CCIM Spotlight: Change to Spare
CCIM's new president reflects on the career that shapes his leadership approach.
CCIM changed my life is a common sentiment among commercial real estate professionals who have earned the designation. But when 2009 CCIM Institute President Charles A. Mac McClure III, CCIM, CRE, GRI, says these words and he often does he’s not just referring to the designation’s positive impact on his career. His immediate family and many of his closest friends are CCIMs. These personal ties lend a uniquely centered approach to his work.
In 1975, McClure joined his family’s residential real estate company in Abilene, Texas, where he began his CCIM coursework. With that first course, CCIM changed the entire direction of my real estate career, he says. Thus, he laid the groundwork for his own commercial real estate and development company, The McClure Group, which he founded in 1978.
While working toward the CCIM designation, McClure became a prominent leader in the local real estate community. In 1981, he was elected president of the Abilene Board of Realtors and became a trustee for the Texas Association of Realtors Political Action Committee. During this time, McClure’s CCIM instructors recognized his ambition and urged him to complete his designation requirements. Before I took my last course, [CCIM instructor and friend] Chase Magnuson told me, ‘If you want to be a professional in this business, you’ve got to finish the CCIM designation program,’ he says.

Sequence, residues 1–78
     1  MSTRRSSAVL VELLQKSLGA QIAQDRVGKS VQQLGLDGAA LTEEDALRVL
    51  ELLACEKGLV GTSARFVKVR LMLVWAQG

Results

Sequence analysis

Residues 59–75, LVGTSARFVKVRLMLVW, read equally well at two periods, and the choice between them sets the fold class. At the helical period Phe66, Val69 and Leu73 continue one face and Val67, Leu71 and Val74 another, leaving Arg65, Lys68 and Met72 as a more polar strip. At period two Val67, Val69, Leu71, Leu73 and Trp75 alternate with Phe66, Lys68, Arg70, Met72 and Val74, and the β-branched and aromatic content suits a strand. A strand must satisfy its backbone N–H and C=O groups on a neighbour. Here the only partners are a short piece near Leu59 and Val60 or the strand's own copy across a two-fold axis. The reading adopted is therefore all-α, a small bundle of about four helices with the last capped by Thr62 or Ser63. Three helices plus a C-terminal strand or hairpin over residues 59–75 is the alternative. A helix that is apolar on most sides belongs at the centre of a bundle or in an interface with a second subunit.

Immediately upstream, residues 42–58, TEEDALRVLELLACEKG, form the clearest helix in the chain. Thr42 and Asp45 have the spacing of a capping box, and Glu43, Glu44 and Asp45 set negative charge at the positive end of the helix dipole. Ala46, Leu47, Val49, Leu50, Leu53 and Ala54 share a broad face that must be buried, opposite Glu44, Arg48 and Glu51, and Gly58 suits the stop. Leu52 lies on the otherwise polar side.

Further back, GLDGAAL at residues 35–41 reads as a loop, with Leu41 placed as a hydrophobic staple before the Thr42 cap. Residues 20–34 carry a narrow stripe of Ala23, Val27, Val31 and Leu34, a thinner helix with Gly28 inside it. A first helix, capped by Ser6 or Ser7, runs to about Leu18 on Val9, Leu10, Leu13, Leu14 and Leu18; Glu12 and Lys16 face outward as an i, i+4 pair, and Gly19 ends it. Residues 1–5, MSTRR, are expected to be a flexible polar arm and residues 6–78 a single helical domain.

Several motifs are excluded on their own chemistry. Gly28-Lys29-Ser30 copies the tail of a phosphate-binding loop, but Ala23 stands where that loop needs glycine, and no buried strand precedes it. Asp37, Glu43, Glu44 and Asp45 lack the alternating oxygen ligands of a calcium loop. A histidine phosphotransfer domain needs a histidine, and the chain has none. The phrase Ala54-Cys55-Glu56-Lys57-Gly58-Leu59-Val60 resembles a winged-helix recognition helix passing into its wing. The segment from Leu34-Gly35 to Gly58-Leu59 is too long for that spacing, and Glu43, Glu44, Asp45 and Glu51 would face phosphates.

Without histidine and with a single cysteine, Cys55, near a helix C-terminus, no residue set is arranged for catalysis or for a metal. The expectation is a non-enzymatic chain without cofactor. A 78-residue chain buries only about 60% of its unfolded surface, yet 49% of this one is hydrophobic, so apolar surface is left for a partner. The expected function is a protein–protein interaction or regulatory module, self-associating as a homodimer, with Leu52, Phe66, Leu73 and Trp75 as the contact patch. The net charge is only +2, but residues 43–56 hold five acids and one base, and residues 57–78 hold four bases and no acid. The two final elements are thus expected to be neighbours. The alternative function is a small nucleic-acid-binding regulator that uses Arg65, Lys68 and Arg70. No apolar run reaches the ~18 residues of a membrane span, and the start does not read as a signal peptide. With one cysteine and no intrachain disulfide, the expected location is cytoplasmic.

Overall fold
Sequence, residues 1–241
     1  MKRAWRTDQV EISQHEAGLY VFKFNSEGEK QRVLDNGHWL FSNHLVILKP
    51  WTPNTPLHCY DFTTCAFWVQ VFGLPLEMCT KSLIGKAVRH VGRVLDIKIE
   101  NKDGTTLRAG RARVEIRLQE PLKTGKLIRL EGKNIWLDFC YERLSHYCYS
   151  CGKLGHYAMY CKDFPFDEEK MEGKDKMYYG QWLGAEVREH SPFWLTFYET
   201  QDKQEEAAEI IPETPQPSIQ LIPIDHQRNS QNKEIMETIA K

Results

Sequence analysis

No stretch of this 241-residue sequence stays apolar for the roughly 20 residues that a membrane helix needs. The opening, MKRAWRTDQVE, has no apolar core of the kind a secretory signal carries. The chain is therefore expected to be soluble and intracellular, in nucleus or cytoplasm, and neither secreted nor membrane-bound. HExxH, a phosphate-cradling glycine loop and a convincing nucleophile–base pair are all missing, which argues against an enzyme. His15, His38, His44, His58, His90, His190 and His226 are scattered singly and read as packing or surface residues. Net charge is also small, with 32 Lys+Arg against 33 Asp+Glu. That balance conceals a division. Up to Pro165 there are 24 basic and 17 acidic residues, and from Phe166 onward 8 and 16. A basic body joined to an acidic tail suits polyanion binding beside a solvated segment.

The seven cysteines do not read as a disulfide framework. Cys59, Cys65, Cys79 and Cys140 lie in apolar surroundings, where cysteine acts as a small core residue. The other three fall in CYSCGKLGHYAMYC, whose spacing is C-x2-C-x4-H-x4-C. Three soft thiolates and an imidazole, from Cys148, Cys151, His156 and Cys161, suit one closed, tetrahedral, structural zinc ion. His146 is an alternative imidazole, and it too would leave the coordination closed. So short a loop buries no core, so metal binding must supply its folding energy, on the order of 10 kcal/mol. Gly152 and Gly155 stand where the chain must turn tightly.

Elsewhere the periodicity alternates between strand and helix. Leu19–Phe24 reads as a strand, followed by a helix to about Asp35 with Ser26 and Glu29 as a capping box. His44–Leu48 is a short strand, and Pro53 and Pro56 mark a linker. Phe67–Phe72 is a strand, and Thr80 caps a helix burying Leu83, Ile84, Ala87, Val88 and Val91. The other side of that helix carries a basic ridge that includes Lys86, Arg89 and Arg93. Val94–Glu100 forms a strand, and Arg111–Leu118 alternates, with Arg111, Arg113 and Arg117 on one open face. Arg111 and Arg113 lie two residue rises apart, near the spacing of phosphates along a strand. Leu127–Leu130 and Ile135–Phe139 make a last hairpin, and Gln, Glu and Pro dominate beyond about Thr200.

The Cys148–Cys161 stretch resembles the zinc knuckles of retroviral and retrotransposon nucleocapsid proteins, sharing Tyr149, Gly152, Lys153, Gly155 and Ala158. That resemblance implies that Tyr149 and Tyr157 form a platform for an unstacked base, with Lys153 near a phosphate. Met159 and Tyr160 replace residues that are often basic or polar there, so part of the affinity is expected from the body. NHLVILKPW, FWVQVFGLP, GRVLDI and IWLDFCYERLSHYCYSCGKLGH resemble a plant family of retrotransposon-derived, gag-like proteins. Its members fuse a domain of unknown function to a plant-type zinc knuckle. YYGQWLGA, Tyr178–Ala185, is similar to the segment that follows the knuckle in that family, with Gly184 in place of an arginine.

McClure finished the CCIM designation program in 1983 but the CCIM designation program wasn’t finished with him. The institute invited McClure to the CCIM instructor training session the following year. Despite his increasingly busy career, he also donated his time to the North Texas CCIM Chapter’s education program. Then, as the savings and loan crisis erupted, he developed a real-estate-owned-asset course for savings and loan professionals. At a 1987 REO-asset course meeting, CCIM provided McClure with another life-changing moment: He met his future wife, Susan. Two years later they were married.
After moving to Dallas in 1989, McClure’s work involved lots of brokerage activity, particularly for S&Ls disposing of assets. In 1992, The McClure Group signed consulting contracts with Fidelity National Title and Benton Resources, the latter generating 850 Resolution Trust Corp. assets totaling $426 million. McClure also partnered with outside stockholders to found The Industrial Group, which managed and leased properties for pension funds and institutional investors. He helped build the company’s 20 million-square-foot portfolio before selling his share to prepare for the CCIM presidency.
Over the course of his career, McClure has closed more than $1 billion in real estate transactions and $500 million in lease transactions. To help maintain his business ventures, he enlisted some familiar help. His wife, Susan B. McClure, CCIM, and son, John William McClure, CCIM, are partners in The McClure Group. John also is in charge of development for Bonnaroo Restaurant Group, a McClure Group partnership that owns 24 Chili’s Grill & Bar restaurants in South Carolina and Georgia.
As he assumes the presidency, the commercial real estate market remains uncertain. But McClure is unfazed. As an industry leader, this will be my third major economic downturn, McClure says. CCIMs have the education and resources to prosper in all market conditions, he adds. With the support of his friends and family, he is ready to lead the institute through this difficult time and perhaps change more than a few lives in the process.